Sunday, April 18, 2004

A Little One-Man Activism--An Exercise In Futility?

Mr. Lee R. Raymond
Chairman and Chief Executive Officer
Exxon Mobil Corporation
5959 Las Colinas Blvd.
Irving, TX 75039-2298

Dear Sir,

I notice in your current Public Relations statement concerning the 1989 Valdez oil spill, you make a claim for a “fully recovered Prince William Sound ecosystem.” Later in that same statement, you claim that the ecosystem of Prince William Sound is “healthy, robust and thriving.”

If those statements are true, how do you explain the severely depressed economy of the region in the years since the 11-million gallon spill covered 1,500 miles of coastline? Why hasn’t there been a herring season in ten years? Why are a third of fishers in the Port of Cordova experiencing clinical depression? Why do sixty percent of Cordova commercial fishers have to take second jobs to make ends meet? Before the spill there were fishers in Cordova whose permits were worth almost a million dollars. Today, those permits have depreciated by 90 percent. Don’t you find that just a little strange, given that the ecosystem of Prince William Sound is, as you say, “healthy, robust and thriving”?

It has been ten years since a federal jury awarded the people of the region $5.2 billion in damages. But your company has hired hundreds of lawyers and fought this ruling every step of the way. And you have hired your own scientists to negate or deny the damage that Exxon did there, just as they deny the science on global climate change.

Furthermore, in some court arguments, Exxon claims that under the Federal Clean Water Act, crude oil is not a pollutant. Crude oil is not a pollutant? Do you really believe that, Mr. Raymond?

I doubt that Prince William Sound is “robust and thriving.” But it seems that lies, corporate greed and corruption, are, indeed, robust and thriving. And what’s sad is that a company as rich as yours somehow believes it has to conduct business this way. Indeed, thinks it’s normal.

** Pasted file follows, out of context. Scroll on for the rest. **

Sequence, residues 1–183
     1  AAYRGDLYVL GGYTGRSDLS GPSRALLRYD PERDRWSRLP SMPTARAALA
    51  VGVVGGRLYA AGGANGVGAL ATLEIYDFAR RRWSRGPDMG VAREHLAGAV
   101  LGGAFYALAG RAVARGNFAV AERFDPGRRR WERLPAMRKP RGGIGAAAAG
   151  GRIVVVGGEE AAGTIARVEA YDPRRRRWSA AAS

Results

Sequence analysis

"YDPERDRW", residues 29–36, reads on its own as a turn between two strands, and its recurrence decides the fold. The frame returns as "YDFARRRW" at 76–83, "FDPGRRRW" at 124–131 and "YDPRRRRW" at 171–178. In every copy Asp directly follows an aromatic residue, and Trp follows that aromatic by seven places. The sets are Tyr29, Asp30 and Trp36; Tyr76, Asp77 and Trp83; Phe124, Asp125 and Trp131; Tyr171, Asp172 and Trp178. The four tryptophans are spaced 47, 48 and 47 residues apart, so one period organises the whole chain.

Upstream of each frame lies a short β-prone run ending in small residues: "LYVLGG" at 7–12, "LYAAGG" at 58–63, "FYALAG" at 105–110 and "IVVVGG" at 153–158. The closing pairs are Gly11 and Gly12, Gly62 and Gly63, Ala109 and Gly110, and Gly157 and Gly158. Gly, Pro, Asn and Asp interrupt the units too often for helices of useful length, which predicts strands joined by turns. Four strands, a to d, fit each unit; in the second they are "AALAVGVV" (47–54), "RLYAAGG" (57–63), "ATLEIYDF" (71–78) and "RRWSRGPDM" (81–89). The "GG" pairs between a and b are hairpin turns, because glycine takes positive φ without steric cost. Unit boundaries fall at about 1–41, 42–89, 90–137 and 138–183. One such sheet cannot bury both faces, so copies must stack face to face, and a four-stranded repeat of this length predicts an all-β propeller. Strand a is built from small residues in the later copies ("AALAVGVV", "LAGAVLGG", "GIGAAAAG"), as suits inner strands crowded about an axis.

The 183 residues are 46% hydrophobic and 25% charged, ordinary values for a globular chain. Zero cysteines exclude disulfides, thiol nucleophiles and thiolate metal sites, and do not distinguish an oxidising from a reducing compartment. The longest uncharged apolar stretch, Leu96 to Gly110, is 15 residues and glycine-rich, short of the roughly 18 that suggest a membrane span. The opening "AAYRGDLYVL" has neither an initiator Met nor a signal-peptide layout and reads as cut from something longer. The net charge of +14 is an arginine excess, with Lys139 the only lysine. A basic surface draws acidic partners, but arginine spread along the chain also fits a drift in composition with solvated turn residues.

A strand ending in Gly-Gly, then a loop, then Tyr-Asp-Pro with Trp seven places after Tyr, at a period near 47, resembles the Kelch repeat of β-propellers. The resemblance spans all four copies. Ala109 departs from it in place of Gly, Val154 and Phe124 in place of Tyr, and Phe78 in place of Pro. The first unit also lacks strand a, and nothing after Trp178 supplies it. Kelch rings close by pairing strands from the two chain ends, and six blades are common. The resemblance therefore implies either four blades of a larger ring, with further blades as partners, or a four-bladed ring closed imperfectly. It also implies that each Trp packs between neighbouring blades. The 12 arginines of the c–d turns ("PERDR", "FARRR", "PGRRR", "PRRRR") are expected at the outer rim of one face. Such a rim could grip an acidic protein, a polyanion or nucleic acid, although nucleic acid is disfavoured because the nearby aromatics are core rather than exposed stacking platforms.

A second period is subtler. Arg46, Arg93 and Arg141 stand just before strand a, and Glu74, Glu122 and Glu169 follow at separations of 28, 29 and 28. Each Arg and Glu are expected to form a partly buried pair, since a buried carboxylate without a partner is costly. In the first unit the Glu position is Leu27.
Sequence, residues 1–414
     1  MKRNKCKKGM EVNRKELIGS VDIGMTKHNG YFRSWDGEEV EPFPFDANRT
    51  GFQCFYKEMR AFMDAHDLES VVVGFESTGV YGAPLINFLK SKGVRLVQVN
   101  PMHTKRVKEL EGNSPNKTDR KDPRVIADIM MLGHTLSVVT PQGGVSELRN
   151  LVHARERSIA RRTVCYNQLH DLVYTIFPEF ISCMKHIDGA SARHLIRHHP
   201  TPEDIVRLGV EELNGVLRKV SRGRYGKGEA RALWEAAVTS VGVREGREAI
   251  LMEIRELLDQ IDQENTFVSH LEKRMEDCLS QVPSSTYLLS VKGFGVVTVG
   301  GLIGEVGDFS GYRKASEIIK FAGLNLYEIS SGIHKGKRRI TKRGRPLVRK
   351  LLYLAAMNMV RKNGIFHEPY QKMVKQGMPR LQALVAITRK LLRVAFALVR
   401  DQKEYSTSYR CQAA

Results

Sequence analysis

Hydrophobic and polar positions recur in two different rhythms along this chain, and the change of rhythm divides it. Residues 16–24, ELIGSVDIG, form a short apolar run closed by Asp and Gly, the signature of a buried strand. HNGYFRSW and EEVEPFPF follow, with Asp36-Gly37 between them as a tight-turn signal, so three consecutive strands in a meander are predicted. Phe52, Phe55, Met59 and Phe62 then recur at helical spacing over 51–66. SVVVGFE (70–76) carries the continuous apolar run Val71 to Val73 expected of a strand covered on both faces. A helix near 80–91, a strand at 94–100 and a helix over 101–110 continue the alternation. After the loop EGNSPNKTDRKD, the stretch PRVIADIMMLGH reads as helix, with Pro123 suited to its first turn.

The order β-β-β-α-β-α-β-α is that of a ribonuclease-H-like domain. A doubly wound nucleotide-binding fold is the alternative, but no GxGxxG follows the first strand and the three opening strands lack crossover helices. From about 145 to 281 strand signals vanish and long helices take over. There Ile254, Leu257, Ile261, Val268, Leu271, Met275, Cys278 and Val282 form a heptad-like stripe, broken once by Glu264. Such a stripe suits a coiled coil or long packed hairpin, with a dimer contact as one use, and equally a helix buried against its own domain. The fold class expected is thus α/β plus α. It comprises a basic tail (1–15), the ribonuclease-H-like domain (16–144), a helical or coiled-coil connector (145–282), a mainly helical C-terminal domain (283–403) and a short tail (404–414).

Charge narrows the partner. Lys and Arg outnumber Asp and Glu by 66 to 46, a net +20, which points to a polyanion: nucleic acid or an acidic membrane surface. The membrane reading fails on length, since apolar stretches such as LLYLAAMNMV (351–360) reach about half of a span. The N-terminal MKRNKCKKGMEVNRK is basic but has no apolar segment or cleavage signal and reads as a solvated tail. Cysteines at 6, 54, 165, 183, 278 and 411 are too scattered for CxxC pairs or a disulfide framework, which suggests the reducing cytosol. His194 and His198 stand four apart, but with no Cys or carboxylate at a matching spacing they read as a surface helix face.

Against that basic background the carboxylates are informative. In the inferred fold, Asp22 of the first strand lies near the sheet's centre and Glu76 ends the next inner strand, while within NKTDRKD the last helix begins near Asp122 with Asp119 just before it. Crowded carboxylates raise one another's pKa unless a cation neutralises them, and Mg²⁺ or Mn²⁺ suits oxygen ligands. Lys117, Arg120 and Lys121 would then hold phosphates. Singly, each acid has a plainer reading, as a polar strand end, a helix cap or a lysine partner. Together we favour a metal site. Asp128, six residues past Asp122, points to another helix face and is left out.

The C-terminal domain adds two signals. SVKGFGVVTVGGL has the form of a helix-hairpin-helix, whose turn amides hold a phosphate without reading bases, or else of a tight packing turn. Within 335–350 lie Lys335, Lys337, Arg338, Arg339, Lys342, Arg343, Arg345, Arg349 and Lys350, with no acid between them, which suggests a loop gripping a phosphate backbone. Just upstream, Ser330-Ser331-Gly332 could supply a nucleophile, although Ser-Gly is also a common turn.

Yes, $5.2 billion is “punitive damages,” and you have the right to fight it, I suppose. On the other hand, I sometimes wonder if there isn’t still some room in the human heart for what’s right and decent. Do you suppose there still exists a place where people behave ethically toward one another now and then, and not just at the behest of lawyers and judges?

You see, I so want to believe that we’re not all of us lost, Mr. Raymond. I can’t help but think how easy it would be for you to reach out to the people of the Sound whose lives and livelihoods have been shattered.

What do you suppose it would actually cost in the whole scheme of things for you to make that kind of choice? What would it mean in this cynical world of ours, were a company like Exxon to seize the initiative in that way? Imagine your company transforming itself under your leadership—becoming an example for the rest, thereby perhaps signaling a real change in the way business is conducted, and how corporations treat ordinary human beings? I’m no expert, but I should imagine the impact of such an act would reverberate around the world. And what do you suppose that might be worth?

Am I an idealist? Yes. A “bleeding heart”? Probably. But I must tell you, Mr. Raymond: By not doing this thing that I believe is right, but instead turning your back on it—turning your back on these good people—there must be a cost for that. In dollars? No, not in dollars.

What then? What would be the cost? Perhaps only you know the answer.

God bless you, Mr. Raymond. And God bless the people of Cordova.

Grayson Harper


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